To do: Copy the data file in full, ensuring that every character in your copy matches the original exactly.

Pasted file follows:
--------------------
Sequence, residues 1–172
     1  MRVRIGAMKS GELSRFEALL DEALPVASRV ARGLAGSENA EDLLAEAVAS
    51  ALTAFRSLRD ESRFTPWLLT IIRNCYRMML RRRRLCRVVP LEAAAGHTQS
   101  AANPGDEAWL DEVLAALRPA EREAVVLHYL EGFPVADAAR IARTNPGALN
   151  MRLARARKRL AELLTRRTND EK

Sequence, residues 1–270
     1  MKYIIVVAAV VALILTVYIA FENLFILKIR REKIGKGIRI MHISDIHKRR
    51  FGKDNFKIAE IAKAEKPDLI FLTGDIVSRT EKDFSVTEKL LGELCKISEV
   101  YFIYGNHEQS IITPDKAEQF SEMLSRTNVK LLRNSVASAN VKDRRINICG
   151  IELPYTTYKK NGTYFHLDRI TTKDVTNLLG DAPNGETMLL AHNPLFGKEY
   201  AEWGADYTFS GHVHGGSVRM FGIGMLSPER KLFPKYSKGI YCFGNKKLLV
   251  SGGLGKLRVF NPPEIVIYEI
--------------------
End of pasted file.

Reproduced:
Sequence, residues 1–172
     1  MRVRIGAMKS GELSRFEALL DEALPVASRV ARGLAGSENA EDLLAEAVAS
    51  ALTAFRSLRD ESRFTPWLLT IIRNCYRMML RRRRLCRVVP LEAAAGHTQS
   101  AANPGDEAWL DEVLAALRPA EREAVVLHYL EGFPVADAAR IARTNPGALN
   151  MRLARARKRL AELLTRRTND EK

Sequence, residues 1–270
     1  MKYIIVVAAV VALILTVYIA FENLFILKIR REKIGKGIRI MHISDIHKRR
    51  FGKDNFKIAE IAKAEKPDLI FLTGDIVSRT EKDFSVTEKL LGELCKISEV
   101  YFIYGNHEQS IITPDKAEQF SEMLSRTNVK LLRNSVASAN VKDRRINICG
   151  IELPYTTYKK NGTYFHLDRI TTKDVTNLLG DAPNGETMLL AHNPLFGKEY
   201  AEWGADYTFS GHVHGGSVRM FGIGMLSPER KLFPKYSKGI YCFGNKKLLV
   251  SGGLGKLRVF NPPEIVIYEI